There is some more useful stuff installed too, like Roxio Burn for making use of that DVD writer and Office Starter Edition, which is likely to satisfy most people's word processing and document needs. If not, it's simple enough to hop online and grab a copy of Open Office.

Dell includes its "Stage" application, which provides a graphical interface that allows you access to photos, music, video, games and magazines. It's kind of pointless, but also stays out of your way unless you seek it out. It's largely pointless though, and acts mostly as a way to launch other applications on the machine.

Fanatical

The biggest issue for us was the fan built in to the 14z. It's small, because the laptop is, and that means it has to spin very, very, quickly to do its job. We found that, when plugged into the wall, even under modest load, the fan span at full speed quite a bit. This was true, even when we switched to the power saver mode. Pull the plug though, and the fan noise dropped off substantially, to the point where it was much less annoying.

This is a big deal, because the fan in the XPS really did make a distressing amount of noise. If you want to use it at home, it's likely to really end up annoying you. On the plus side, the machine itself never felt hot, so you can use it on your lap for extended periods with no discomfort.

Display and sound

Audio quality is reasonable. We did a lot of Skype calling with the 14z, and it did a good job with that, and with other media we played via its speakers. As always, your world isn't going to be rocked by the audio, but it's fine for most things.

The display has been criticised by some, and there certainly are issues. It's a quite low resolution affair, offering a little more than 720p (1366x768). It's also got a reflective screen, which is a pain in bright light. However, with those issues out of the way, in actual use, it's fine. There's more than enough detail on-screen to get things done, and the LED backlight is bright enough to cut through the fog of the reflective screen.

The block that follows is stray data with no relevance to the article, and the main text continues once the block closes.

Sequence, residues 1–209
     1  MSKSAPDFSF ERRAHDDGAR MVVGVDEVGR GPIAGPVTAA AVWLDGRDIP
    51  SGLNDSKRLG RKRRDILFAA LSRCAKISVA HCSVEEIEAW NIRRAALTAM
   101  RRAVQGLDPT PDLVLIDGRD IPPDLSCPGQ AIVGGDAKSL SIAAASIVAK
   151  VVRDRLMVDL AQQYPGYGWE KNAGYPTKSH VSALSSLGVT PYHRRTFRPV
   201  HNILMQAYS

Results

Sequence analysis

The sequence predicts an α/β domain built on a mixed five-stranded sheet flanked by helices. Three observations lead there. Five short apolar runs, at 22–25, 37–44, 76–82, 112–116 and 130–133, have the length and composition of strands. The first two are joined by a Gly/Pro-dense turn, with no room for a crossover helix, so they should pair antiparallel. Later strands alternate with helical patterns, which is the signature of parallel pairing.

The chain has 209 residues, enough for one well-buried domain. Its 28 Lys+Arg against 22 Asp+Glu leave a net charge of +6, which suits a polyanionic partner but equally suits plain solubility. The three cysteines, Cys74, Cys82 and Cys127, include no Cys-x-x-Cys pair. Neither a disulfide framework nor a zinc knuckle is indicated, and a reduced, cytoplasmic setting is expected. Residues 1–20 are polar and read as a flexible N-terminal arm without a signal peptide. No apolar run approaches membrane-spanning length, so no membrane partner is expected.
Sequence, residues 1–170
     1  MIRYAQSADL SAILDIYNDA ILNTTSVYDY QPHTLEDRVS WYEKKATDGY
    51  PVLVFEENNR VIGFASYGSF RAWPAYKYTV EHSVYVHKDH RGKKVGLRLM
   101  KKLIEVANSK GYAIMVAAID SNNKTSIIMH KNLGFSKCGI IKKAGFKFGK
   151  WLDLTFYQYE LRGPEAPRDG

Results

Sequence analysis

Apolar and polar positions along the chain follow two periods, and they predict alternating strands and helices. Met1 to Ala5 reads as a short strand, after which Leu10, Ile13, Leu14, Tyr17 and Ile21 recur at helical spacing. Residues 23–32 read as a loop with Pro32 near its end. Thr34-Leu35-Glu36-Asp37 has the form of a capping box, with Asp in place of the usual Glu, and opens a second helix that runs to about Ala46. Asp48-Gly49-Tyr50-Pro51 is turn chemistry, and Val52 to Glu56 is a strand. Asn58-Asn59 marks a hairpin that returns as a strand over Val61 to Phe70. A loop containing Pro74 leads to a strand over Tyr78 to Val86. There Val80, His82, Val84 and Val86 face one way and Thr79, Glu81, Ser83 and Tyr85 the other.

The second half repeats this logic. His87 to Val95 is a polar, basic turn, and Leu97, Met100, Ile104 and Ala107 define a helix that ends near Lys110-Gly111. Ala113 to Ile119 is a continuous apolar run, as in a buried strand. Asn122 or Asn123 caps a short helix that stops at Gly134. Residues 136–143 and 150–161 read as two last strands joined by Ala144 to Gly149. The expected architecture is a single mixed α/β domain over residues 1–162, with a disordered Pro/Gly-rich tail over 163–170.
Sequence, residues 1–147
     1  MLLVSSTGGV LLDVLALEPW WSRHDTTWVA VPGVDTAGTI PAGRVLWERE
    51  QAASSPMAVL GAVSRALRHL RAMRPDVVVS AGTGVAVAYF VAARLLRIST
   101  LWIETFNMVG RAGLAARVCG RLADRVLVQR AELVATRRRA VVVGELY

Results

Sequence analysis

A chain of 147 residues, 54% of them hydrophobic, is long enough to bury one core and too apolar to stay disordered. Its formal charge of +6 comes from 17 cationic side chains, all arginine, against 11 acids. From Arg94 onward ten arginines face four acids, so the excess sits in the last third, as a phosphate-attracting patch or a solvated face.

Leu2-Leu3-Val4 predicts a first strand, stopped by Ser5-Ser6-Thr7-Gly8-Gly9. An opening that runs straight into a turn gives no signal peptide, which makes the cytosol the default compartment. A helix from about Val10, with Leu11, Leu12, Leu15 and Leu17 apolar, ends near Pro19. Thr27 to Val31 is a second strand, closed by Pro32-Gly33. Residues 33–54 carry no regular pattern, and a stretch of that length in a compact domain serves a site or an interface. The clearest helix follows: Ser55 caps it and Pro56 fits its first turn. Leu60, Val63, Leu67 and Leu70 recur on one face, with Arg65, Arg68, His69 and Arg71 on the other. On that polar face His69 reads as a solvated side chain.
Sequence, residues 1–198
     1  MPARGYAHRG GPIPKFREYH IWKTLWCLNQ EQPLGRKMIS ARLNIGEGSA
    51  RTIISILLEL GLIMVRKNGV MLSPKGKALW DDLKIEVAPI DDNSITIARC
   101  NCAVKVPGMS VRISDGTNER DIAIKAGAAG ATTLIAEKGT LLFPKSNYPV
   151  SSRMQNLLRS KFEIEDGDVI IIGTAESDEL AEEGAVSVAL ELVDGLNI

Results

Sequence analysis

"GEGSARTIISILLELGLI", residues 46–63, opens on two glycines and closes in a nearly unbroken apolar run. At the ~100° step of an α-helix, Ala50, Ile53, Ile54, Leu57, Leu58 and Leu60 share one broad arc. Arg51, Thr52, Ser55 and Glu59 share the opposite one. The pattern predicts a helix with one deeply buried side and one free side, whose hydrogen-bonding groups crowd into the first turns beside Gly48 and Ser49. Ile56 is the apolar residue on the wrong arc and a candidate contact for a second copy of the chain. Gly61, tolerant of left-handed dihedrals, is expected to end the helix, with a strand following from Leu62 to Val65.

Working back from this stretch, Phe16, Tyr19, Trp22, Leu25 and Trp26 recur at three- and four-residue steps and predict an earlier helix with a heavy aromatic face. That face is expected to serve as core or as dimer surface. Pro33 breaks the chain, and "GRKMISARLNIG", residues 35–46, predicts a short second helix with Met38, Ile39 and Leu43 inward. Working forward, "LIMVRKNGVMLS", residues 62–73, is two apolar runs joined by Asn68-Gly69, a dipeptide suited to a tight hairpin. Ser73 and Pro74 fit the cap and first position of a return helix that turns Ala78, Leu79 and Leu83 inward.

Power and battery

Our Dell XPS 14z had 4GB of RAM and a Core i5 which, with Turbo Boost can get up to 3GHz. For normal use, it's clocked at 2.4GHz, and it seems like enough power for most tasks. A £50 upgrade will take you to 6GB of RAM, and it's worth considering.

A 500GB hard drive is generous enough for most uses too. With the low cost of external drives and dirt cheap SD cards, we can hardly moan too much either. There's plenty of options for people who need to keep lots of files with them at all times.

In normal use, we found the laptop was beefy enough for our needs. Photo editing was a snap, and video plays back well too all the way up to 1080p which looks fine even though the screen is nowhere near good enough to display that much detail. Still, the dual graphics outputs mean you can throw video on to a TV if you so desire.

The 8-cell battery is good. You'll see around four or five hours use from it which is decent while turning down the brightness and switching off the Wi-Fi could see you get more towards five and a half hours too which is as much as you could ask for for such a small, portable machine. We have no complaints here at all, aside from the fact that it's sealed in to the body of the laptop. That means no spare battery, and user replacement is tricky, although not impossible. 

Verdict

In some ways, it's a little hard to tell what market this laptop is aimed at. It's a powerful enough machine for home use. The problem is, an i7 with more memory would be the minimum spec needed for a high-end setup for video editing and gaming.

And if you think if it more as a day-to-day machine, for users with more modest requirements, the price is perhaps a little high - starting at £800, going up to over £1000 with an SSD. But there is plenty to like about this laptop. It's powerful enough for most things, and despite being a little weighty, it's still perfectly portable and a nice machine to get out in Starbucks.

The installed software is mostly useless and quite annoying. Expect many, many, pop-ups asking you if you'd like to register this, or upgrade that. It's nagware like this that really makes us appreciate Apple's approach. Macs might be more expensive, but they come looking clean and clutter free, and that's a good thing.

The fan noise will also be a problem for those using the machine at home, but as it isn't an issue on battery power, it again commends itself to those looking for a computer to take out and about.

Product photography by Chris Hall